We humans are having such a dramatic impact on our planet that some leading scientists think the current era needs a new name. We're no longer in the Holocene epoch, they say. We're now well into what they are calling the Anthropocene.
This planet is being changed by human activities in ways that will continue to alter Earth for millions of years. The most obvious example is global climate change precipitated by the release of greenhouse gases from fossil fuels, but there are many more, some so obvious it's hard to think of them as insidious threats to our environment.
But they are indeed, according to the leader of the Anthropocene movement, Nobel laureate Paul J. Crutzen, who is said to have coined the word during a science meeting in 2000. Crutzen, former chief of atmospheric chemistry at the Max-Planck-Institute in Germany and now a part-time professor at the Scripps Institution of Oceanography in San Diego, is out with a new paper that leads off with a provocative question: "Are Humans Now Overwhelming the Great Forces of Nature?"
The paper, published by the Royal Swedish Academy of Sciences in the current issue of the journal Ambio, begins with this warning:
"Global warming and many other human-driven changes to the environment are raising concerns about the future of Earth's environment and it's ability to provide the services required to maintain viable human civilizations. The consequences of this unintended experiment of humankind on its own life support system are hotly debated, but worst-case scenarios paint a gloomy picture for the future of contemporary societies."
Pretty scary stuff, but Crutzen and his co-authors have done their homework. In fact, they argue that about the only thing that might head off a global human catastrophe is some other catastrophe, like "a meteorite impact, a world war or a pandemic." Here are just a few of their points, in their own words:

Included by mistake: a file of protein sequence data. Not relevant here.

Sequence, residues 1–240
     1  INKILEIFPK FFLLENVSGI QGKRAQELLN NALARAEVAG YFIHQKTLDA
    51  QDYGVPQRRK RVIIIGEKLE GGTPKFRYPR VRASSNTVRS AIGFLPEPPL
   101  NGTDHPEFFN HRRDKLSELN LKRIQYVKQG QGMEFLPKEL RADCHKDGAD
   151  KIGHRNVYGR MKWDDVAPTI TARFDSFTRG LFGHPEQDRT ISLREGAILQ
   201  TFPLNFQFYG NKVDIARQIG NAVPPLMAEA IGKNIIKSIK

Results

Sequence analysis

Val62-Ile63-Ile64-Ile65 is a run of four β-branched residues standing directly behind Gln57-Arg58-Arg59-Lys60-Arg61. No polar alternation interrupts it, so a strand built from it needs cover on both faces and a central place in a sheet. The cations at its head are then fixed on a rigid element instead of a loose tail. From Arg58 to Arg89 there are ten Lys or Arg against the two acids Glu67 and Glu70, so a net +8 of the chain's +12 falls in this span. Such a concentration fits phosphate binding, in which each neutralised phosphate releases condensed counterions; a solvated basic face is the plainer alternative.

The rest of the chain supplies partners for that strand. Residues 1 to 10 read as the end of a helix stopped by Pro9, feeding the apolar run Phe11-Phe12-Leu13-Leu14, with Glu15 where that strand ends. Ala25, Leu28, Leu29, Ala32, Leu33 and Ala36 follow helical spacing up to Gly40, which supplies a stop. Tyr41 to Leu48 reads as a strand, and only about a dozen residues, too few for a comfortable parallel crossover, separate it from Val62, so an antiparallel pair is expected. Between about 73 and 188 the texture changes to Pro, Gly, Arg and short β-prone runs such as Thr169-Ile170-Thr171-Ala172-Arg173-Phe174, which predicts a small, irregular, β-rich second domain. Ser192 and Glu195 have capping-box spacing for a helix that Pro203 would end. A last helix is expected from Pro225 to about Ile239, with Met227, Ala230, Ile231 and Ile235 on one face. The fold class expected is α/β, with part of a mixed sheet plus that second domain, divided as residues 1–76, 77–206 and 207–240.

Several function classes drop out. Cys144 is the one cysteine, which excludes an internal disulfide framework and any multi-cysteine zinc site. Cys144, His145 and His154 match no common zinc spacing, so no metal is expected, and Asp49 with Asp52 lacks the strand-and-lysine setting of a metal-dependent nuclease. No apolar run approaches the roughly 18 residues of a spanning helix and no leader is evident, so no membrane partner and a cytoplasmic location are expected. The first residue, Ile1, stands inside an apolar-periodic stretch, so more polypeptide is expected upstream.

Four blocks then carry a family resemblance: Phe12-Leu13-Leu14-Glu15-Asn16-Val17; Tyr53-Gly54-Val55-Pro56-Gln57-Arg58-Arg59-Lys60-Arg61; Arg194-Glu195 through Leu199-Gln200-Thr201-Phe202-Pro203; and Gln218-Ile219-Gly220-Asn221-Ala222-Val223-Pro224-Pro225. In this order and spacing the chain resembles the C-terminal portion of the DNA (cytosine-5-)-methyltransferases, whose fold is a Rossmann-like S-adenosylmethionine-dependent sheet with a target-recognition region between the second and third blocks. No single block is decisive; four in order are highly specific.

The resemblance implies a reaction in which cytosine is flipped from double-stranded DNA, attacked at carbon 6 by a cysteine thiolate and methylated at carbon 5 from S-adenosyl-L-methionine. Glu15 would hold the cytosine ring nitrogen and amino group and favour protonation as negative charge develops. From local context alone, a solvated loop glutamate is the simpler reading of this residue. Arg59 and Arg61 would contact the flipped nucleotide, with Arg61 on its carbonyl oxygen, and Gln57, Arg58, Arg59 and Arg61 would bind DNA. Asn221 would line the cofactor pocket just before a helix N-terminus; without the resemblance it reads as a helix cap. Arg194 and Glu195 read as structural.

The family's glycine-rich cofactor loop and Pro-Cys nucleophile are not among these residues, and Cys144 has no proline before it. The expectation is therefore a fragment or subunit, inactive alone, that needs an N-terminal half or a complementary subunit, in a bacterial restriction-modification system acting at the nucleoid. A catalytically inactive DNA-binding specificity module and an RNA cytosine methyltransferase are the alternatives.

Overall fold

A sticking point on labeling this a new epoch is disagreement over when the Anthropocene actually began. Some argue it began when our ancestors abandoned hunting and gathering and took up farming. Huge swaths of land were cleared and the trees burned, launching the rise in greenhouse gases.
A forester once told me that many years ago it would have been possible to walk from the California coast to the Mississippi River and only occasionally be forced to step out of the shade of an oak forest. Nearly all of that is gone now.
Crutzen and his colleagues — Will Steffen of the Australian National University, Canberra, and John R. McNeill of Georgetown University — concede that those early folks had a significant impact, but they argue that the real turning point began in the late 18th century with the industrial revolution, and it reached a new level at the end of the Second World War. They call the modern period the Great Acceleration of the Anthropocene, when humans began to overwhelm their planet.
In their own words:
"The Great Acceleration is reaching criticality. Enormous, immediate challenges confront humanity over the next few decades as it attempts to pass through a bottleneck of continued population growth, excessive resources use, and environmental deterioration. In most parts of the world the demand for fossil fuels overwhelms the desire to significantly reduce greenhouse gas emissions.
"About 60 percent of ecosystem services are already degraded and will continue to degrade further unless significant social changes in values and management occur. There is also evidence for radically different directions built around innovative, knowledge-based solutions. Whatever unfolds, the next few decades will surely be a tipping point in the evolution of the Anthropocene."
Those last couple of sentences are among the few encouraging words in their paper. Maybe we don't have to stumble down this path forever. But given the vast gaps between the haves and the have-nots, the relentless reach for a higher standard of living, the exploding need for more energy at seemingly any cost, it's hard to be optimistic.
As they note in their paper, "To develop a universally accepted strategy to ensure the sustainability of Earth's life support system against human-induced stresses is one of the greatest research and policy challenges ever to confront humanity. Can humanity meet this challenge?"
Lee Dye is a former science writer for the Los Angeles Times. He now lives in Juneau, Alaska.